For a sense of the real Margaret River, you can’t beat sleeping out under the stars with the rest of the wildlife! Our campgrounds are all unique natural environments with a history and sense of place all their own.
There are private camping options available, but here I focus on government campgrounds in the National Park and State Forests. There’s already plenty of information online about facilities: travelers these days are generous with sharing their experiences! This article aims to provide more of an insider view. Some have been campsites for many thousands of years, and they all play a role in the lives of adventurous locals.
For online bookings and information about fees and facilities, visit the DPAW Parkstay website All the campgrounds will be busy over school holidays, but midweek at quiet times you might just have them all to yourself!
Just be aware there is no free camping anywhere, unlike other regions in Western Australia where local shires make facilities available for travellers passing through. This is a real shame, and I hope it doesn’t make us seem unfriendly. Locals can get a bit wild or upset if they come across people camping freestyle wherever they like. During peak times in summer, and grape harvest in autumn, illegal camping becomes a real problem. From our point of view it’s a bit rough finding campers lighting fires in the bush during fire bans, and toilet paper lining our favourite walktrails. The rangers are really onto this in busy times, and will show no mercy!
The old bridge
Travelers have been camping at this lush bend of the Blackwood River since the bridge was built in 1897. It was designed by the same engineers who built the Leeuwin Lighthouse. In 1969 the current Alexandra Bridge was built, and the Brockman Highway re-routed. The old bridge became a favourite recreation hotspot. I can just imagine kids jumping off it on hot days. But the Blackwood has a large catchment area and swells with the occasional massive flood, and in 1982 the old bridge was swept away.
But the bend at Alexandra Bridge has an even longer history. In 1831, the peninsula where the campground is was claimed by English colonists. The Bussell brothers had arrived in 1830, settled in Augusta, and chose 40 acres of land 19 kilometres upriver from the townsite. It’s amazing that educated, middle class newcomers ventured so far upriver into an unknown land. The Adelphi was one of the very first colonial homesteads in Western Australia. Only two years later it caught fire, and today nothing remains to be seen except a thicket of young trees.
It’s possible that the farmland you see on the way into the campsite was originally cleared by the Bussells, making it the oldest cleared land in the south-west, outside of Augusta. Alfred Bussell, the youngest of the brothers, went on to build his own homestead at Ellensbrook, which has been recently restored by the National Trust. Ironically, Wallcliffe, the second house he built at Margaret River, was destroyed by a bushfire in 2011.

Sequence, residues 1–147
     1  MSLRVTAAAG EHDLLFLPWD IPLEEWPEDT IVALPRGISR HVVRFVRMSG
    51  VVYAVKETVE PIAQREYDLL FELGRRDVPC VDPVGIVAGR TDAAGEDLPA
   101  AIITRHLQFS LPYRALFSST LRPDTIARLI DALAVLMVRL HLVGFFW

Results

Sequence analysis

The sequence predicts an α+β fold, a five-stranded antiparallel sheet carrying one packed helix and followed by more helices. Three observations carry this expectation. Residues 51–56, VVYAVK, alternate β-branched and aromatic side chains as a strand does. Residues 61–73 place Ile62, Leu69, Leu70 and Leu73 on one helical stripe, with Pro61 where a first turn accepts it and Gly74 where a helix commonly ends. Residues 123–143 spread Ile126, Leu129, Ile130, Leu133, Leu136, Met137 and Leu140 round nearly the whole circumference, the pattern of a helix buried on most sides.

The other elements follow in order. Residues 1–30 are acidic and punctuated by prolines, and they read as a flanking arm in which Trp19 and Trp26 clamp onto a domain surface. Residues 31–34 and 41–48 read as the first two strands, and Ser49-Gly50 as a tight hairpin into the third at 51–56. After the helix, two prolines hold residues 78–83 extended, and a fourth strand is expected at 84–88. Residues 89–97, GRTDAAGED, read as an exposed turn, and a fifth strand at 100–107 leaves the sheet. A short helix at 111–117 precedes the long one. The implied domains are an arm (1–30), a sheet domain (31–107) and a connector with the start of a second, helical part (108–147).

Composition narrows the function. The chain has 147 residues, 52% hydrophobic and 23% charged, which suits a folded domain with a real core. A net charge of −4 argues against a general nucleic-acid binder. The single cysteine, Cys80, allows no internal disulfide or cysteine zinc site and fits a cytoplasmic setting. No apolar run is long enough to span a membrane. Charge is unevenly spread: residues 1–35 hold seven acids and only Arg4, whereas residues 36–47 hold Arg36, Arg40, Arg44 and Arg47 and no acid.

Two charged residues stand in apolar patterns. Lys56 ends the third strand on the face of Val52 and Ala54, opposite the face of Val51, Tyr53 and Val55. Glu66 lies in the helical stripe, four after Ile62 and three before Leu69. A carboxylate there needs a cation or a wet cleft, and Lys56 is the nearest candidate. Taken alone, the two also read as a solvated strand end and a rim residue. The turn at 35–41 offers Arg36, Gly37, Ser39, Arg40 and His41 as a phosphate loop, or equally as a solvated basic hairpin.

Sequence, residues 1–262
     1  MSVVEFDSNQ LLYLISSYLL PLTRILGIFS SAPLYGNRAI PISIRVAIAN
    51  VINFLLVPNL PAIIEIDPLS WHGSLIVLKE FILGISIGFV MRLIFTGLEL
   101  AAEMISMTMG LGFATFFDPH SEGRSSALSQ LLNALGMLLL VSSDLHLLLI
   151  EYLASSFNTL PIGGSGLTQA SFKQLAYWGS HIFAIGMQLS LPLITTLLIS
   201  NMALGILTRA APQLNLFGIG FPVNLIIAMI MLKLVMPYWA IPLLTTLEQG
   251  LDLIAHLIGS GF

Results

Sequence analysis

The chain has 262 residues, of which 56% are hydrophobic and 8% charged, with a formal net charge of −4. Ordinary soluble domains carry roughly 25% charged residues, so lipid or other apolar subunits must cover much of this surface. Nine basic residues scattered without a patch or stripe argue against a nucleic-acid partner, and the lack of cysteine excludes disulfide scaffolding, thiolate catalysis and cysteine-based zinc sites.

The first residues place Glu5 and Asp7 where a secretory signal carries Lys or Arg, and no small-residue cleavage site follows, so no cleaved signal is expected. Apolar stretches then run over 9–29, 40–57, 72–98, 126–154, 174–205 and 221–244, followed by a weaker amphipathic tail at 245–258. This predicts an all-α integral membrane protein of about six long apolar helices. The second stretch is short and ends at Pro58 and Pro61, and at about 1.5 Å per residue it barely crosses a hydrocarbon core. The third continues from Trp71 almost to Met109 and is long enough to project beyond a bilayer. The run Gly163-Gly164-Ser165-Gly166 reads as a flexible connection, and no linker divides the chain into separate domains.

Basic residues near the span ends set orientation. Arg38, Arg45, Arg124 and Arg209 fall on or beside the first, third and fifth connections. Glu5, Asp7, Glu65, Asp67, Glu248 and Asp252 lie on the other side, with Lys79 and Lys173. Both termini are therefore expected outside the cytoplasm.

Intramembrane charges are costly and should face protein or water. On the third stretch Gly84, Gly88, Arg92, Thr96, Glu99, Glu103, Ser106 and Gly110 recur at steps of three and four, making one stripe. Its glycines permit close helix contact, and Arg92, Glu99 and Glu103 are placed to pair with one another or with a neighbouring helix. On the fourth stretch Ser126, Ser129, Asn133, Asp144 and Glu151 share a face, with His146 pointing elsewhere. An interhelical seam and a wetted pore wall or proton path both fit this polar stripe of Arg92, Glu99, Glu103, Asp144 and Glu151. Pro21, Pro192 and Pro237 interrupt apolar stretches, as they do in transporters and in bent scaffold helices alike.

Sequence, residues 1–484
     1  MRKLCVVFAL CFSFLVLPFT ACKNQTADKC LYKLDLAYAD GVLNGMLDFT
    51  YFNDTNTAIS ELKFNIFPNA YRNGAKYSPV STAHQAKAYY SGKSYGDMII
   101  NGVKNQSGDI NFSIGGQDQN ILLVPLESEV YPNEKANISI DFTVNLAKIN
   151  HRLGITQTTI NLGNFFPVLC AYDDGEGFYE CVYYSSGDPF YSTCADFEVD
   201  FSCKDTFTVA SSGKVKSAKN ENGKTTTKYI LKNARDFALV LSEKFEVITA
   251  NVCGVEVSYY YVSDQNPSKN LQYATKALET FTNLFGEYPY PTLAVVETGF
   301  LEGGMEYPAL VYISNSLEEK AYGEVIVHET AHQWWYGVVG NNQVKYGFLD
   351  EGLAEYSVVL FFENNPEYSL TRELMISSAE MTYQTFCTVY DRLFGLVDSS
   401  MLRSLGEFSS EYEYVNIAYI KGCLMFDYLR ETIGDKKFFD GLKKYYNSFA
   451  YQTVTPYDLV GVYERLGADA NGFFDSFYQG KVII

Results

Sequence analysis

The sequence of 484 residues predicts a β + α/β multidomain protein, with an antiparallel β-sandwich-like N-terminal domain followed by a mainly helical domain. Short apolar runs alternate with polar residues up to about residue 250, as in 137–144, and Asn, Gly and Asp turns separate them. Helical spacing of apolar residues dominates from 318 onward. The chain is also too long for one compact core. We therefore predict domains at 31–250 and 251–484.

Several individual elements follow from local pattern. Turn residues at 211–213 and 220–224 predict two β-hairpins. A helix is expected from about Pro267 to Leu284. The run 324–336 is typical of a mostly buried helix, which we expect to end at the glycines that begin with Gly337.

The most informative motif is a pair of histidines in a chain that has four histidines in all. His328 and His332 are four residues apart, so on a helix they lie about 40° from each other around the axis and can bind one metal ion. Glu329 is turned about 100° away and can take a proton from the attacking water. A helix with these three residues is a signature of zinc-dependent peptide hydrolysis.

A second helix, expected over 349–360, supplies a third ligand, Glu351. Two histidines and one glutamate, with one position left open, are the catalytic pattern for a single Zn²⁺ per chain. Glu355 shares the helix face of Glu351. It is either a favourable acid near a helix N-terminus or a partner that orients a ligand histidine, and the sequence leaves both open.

Alexandra Bridge campsite is large, open and sociable, but still feels cosy and sheltered under the graceful peppermint trees common to campgrounds in the region. And you can really feel why the Bussells chose this place for a farm, with the beautiful white paperbarks reflected in the sheltered black water of the river.
The southern end of Boranup forest is a maze of miniature hills and gullies. It’s also a mosaic of different forest types, due to the undulating, underlying layers of limestone. The campground is sheltered behind the northern end of the Boranup Sand Patch, a giant shifting sand dune stabilised with marram grass in the 19th century. A big bank of sand lurching about the countryside was too unnerving for the timber cutters of Karridale. Once the marram took hold, other vegetation moved in and now the west face of the dune is covered with trees.
Boranup campground is quite close to the site of old Karridale, which was destroyed by a bushfire in 1961. There is a small creek running close-by, a sign that the area may have been a campsite for a long time. Just a kilometre away over the dunes is an archaeological site, a tool manufacture and living area dating back 11 000 years. The shifting dunes create the perfect shelter, which you’ll discover if you stay awhile in one of the secluded nooks yourself!
This campground is right next to Boranup Drive, a small unsealed road. Usually it’s quiet and peaceful but it’s closeby an access to the only 4WD beach for miles, so there might be a bit of local traffic when the surf is up or the fish are biting.
Canebrake is a small campground on the upper Margaret River. It’s alongside just one of a series of unique pools along the river as it flows downstream through the State Forest. Canebrake Pool is the largest of them, and has been a campground for Wadandi people for many thousands of years. It’s also the first recorded mention of the river made by a European colonist, when John Bussell wrote up an exploration by four men and a few dogs from Augusta to Vasse in 1831. You can read more about that in Wooditch, or the Margaret River.
The small floodway upstream from Canebrake is Rapids Crossing, used by colonists traveling between the two first settlements in the region. It was already part of a Wadandi trail network existing well before any Roman roads were made in Europe. If you’re into exploring on foot yourself, have a look at the Augusta-Busselton Heritage Trail. Going south it takes you through some spectacular jarrah forest. It was logged over a century ago but is now protected by the Rapids Conservation Park. If you’re really keen you could try walking all the way to Augusta, although many of the trail signposts are missing or overgrown, and a bit further south parts of the trail disappear as well!
Nature Conservation Margaret River Region have liaised with researchers to produce river health action plans. Protecting Aquatic Diversity contains heaps of information about the unique species that live in the pools on the upper Margaret River. All of them are small and protected species, so there’s no fishing allowed!
Chapman’s Pool campground is next to Chapman’s Brook, a tributary of the Blackwood River which joins the main channel just a few hundred metres downstream. It’s only 20 minutes drive from Margaret River but so peaceful it feels like a different world.